(Closed) Catholic vs. Non-denominational ceremony HELP!

posted 6 years ago in Interfaith
Post # 3
Member
2233 posts
Buzzing bee
  • Wedding: September 2012

FI’s family is Catholic, I am not (atheist). We’re having a secular ceremony outdoors with the only somewhat religious component being a reading of the Corinthians and a lighting of a unity candle. There was LOTS of struggle and lots of tears. Future Mother-In-Law struggled the most with our decision but in the end I think she got that this was not a battle she was going to win. 

The ceremony is the most meaningful part of the day. It needs to resonate with both of you and it should be something you’re both happy with. His father will eventually get over it, just like my Future Mother-In-Law has. Do what feels best for both of you!!

Post # 4
Member
3220 posts
Sugar bee
  • Wedding: February 2012

If your Future Father-In-Law is a practicing Catholic, I doubt trying to incorporate Catholic elements into the ceremony will be enough.  For Catholics, marriage is a sacrament and it’s sort of a package-deal– you need the church, the priest, the right parts?  You could have a small mass a week before the other ceremony with just his family? You’d need to meet with a priest and set up pre-marital meetings and whatnot beforehand. 

If that’s not doable, you could read some scripture on your day to bring in the Bible, but it’s not a sacrament.

Post # 5
Member
875 posts
Busy bee

I’m interpreting the concept of “non-denominational” as something similar to a local Christian camp that is not a single denomination, but rather is a general Christian campground program lead and serving children from a wide variety of faith backgrounds.  I think your free Methodist family are probably more familiar with this concept than his family.  My suggestion is that you have two ministers lead the ceremony.  At my dear friends wedding, the groom’s Catholic priest came to her wedding and I believe that it was a Catholic recognized ceremony.  (I don’t understand the rules on this, but the priest and my pastor worked together.  If you aren’t comfortable with having your family pastor work with his priest, I would look for another pastor that you are comfortable.  (I mention that because I’m aware that some protestant groups are not willing to work with a Catholic priest, and while some priests may be more reluctant than others to work in this manner it is possible.)  You don’t want them to feel that you are simply copying their ceremony, but rather including his family history and faith within your new marriage.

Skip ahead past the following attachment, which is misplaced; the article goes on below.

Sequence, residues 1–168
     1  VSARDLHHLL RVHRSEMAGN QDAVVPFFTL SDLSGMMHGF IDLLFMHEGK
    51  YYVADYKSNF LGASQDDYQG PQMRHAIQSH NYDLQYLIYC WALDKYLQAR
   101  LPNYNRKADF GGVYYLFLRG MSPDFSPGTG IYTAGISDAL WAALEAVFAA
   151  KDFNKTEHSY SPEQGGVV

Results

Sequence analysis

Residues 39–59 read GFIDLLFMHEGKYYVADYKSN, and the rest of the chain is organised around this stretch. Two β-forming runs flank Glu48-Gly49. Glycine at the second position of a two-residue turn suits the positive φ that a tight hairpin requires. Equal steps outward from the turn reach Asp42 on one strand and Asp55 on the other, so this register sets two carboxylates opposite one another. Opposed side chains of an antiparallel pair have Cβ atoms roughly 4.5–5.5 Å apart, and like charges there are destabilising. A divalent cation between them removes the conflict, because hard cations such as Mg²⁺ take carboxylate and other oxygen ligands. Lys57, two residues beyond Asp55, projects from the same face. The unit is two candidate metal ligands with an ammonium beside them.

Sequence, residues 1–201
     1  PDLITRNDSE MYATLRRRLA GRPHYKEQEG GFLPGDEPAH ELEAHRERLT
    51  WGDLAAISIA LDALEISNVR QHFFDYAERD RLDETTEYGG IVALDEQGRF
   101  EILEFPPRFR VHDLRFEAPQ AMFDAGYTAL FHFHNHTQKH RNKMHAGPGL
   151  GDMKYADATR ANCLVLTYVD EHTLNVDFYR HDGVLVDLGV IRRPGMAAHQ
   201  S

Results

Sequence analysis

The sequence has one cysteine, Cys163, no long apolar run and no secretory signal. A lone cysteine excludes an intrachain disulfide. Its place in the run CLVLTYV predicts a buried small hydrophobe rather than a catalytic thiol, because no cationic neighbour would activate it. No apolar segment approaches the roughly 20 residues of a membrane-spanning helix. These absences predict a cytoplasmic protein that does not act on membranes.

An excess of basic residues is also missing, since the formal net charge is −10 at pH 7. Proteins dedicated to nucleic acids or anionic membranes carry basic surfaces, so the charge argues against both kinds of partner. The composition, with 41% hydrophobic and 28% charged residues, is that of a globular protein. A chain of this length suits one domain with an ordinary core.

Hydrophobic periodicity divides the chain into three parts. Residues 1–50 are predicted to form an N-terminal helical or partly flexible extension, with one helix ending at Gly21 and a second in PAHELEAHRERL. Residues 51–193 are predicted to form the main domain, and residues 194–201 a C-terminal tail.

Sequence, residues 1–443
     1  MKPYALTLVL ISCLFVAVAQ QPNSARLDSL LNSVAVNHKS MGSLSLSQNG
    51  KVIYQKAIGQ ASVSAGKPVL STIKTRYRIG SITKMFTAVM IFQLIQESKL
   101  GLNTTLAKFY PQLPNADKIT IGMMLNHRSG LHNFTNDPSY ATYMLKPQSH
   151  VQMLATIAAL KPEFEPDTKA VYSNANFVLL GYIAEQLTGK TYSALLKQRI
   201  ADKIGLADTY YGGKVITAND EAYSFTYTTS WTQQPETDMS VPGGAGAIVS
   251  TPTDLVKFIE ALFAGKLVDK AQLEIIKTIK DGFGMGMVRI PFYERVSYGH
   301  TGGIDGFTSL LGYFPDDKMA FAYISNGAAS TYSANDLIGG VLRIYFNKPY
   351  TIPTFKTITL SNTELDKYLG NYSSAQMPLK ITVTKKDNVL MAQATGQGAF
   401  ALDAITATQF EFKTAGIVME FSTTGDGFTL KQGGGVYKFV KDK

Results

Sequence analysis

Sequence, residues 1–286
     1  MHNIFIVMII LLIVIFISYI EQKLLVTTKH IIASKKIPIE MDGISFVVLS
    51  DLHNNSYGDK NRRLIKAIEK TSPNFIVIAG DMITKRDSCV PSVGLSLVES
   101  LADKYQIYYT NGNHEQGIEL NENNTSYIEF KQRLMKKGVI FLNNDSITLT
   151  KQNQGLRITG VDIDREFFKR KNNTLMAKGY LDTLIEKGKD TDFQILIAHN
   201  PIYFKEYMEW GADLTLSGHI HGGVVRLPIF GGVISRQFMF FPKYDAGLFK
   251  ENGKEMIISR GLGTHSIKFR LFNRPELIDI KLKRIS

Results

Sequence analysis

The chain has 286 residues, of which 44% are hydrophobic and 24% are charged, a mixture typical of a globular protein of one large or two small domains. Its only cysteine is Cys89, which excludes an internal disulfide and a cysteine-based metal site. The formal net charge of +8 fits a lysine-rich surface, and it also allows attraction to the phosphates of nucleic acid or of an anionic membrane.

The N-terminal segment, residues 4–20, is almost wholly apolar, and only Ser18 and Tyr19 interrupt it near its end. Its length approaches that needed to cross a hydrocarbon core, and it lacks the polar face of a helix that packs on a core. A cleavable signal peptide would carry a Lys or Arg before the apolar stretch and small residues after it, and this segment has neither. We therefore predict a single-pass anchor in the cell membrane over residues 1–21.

Post # 6
Member
3220 posts
Sugar bee
  • Wedding: February 2012

@Missbliss:  In terms of the Cathecism of the Catholic Church, a sacramental marriage has to take place in the church. 

Some people choose to ignore this and have ceremonies elsewhere, and apply for a dispensation to have the marriage approved by the church.  (Without this approved, anyone who marries outside the church is technically living in sin and shouldn’t take communion.) 

Everybody has a different viewpoint on it. OP, if you’re comfortable with not being married in the church then go for it– but if your spouse wants to receive communion and participate fully in the Catholic Church, it’s worth talking to a priest.

Post # 7
Member
981 posts
Busy bee
  • Wedding: June 2012

Just wanted to add that in a Catholic wedding, you promise to raise your children Catholic. I think this a pretty heavy thing to consider. If you think you are okay with making this promise, but want to keep your wedding day as planned, you could go to church after the wedding for convalidation (please note you will have to do Pre-Cana still).

Post # 8
Member
2725 posts
Sugar bee
  • Wedding: November 2011

@bookworm88:  What she said is right.

If Future Father-In-Law finds it very important to get married in the church I doubt incorporating aspects will appease him.

I’m Cathoilic Fiance is not. We are not getting married in the church. I’ve decided to wait to see if there comes a time in his life where he wants to convert & then get married in the church. If it doesn’t happen that’s ok…we all have different faith paths.

Post # 9
Member
3220 posts
Sugar bee
  • Wedding: February 2012

@MrsElopement:  That sounds like a difficult decision– I’m converting to Catholicism now and Fiance is Catholic, but I already don’t think I’d be comfortable getting married outside of the church, even if Fiance wasn’t Catholic? (That’s just my personal opinion though, definitely don’t mean to judge your choice!)  Are you doing pre-cana and getting a dispensation, or are you just going to wait and convalidate later?

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